President Biden has decided against appointing his own commission to investigate the Jan. 6 insurrection and will instead increase pressure on Congress to establish a committee, White House officials tell Axios.
Why it matters: Some House Democrats suggested Biden create a presidential commission after Senate Republicans blocked the establishment of a bipartisan, independent panel. This decision signals his preference for House Speaker Nancy Pelosi to take the lead.
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What they’re saying: “Congress was attacked on that day, and President Biden firmly agrees with Speaker Pelosi that Congress itself has a unique role and ability to carry out that investigation,” White House press secretary Jen Psaki tells Axios.
“Because of that, the President doesn’t plan to appoint his own commission.”
“The events of Jan. 6 were an unprecedented assault on our democracy — and he believes they deserve a full, and independent, investigation to determine what transpired and ensure it can never happen again.”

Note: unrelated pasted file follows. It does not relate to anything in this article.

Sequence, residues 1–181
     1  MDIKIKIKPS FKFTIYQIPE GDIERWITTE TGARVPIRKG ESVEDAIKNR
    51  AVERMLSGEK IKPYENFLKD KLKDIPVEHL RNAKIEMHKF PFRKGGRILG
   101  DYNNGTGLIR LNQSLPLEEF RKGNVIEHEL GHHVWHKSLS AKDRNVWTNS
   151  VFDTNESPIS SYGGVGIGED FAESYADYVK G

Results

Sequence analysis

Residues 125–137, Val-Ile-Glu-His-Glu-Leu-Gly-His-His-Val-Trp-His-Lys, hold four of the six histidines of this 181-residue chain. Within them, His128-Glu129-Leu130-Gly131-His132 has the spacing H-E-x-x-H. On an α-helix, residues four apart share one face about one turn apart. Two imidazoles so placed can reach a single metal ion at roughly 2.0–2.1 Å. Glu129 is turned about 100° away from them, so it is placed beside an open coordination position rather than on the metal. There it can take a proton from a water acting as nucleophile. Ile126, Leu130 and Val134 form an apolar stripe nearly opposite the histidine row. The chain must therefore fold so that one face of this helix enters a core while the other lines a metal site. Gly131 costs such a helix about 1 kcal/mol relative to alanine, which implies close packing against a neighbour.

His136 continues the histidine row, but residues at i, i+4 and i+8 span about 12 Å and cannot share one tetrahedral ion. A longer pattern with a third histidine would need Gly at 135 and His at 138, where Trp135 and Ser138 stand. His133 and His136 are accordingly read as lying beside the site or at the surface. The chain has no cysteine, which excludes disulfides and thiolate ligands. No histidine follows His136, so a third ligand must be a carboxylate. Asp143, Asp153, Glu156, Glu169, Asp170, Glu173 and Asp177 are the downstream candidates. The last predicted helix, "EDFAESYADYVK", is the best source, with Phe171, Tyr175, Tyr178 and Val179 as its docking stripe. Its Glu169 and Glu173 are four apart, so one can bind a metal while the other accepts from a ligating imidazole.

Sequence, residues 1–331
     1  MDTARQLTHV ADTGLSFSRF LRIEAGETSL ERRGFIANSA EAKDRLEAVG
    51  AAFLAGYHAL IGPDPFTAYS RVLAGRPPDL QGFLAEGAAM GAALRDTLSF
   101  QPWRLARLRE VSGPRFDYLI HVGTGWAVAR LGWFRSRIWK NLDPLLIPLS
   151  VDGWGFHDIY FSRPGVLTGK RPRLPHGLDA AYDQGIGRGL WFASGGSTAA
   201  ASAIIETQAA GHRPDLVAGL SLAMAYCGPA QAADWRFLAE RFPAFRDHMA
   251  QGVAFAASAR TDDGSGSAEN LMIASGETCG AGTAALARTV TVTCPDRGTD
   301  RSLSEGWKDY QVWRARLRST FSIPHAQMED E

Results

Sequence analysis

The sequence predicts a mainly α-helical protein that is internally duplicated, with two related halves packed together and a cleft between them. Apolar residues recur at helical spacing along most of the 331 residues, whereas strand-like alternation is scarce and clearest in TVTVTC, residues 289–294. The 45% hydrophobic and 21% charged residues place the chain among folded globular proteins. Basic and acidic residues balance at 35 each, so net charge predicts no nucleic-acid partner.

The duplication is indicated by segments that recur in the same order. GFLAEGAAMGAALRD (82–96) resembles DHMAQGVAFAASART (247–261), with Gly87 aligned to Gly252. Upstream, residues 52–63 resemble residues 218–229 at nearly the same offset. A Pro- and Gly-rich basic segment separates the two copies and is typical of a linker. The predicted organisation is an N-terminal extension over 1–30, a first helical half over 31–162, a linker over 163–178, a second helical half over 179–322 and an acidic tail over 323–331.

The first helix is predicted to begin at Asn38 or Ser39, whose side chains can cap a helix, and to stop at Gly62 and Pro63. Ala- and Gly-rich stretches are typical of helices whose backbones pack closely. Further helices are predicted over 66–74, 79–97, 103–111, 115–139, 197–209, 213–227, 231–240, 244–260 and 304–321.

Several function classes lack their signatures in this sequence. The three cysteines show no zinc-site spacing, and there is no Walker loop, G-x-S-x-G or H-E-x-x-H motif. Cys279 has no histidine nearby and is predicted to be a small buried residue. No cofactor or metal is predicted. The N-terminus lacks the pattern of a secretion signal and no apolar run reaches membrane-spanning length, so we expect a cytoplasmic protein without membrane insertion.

Worth noting: Pelosi had already dismissed a presidential commission to study the Capitol insurrection, telling House Democrats earlier this week that Biden appointing such a panel would be “unworkable,” per AP.
The big picture: Biden isn’t letting any daylight between himself and Pelosi, who on Wednesday previewed potential options for how a commission can review the events that led up to insurrection, according to NBC News.
They include holding a second Senate vote to try to force more members on the record and overcome the filibuster, or empowering the House Homeland Security Committee’s chair and ranking members, Reps. Bennie Thompson, D-Miss., and John Katko, R-N.Y., to take the lead.
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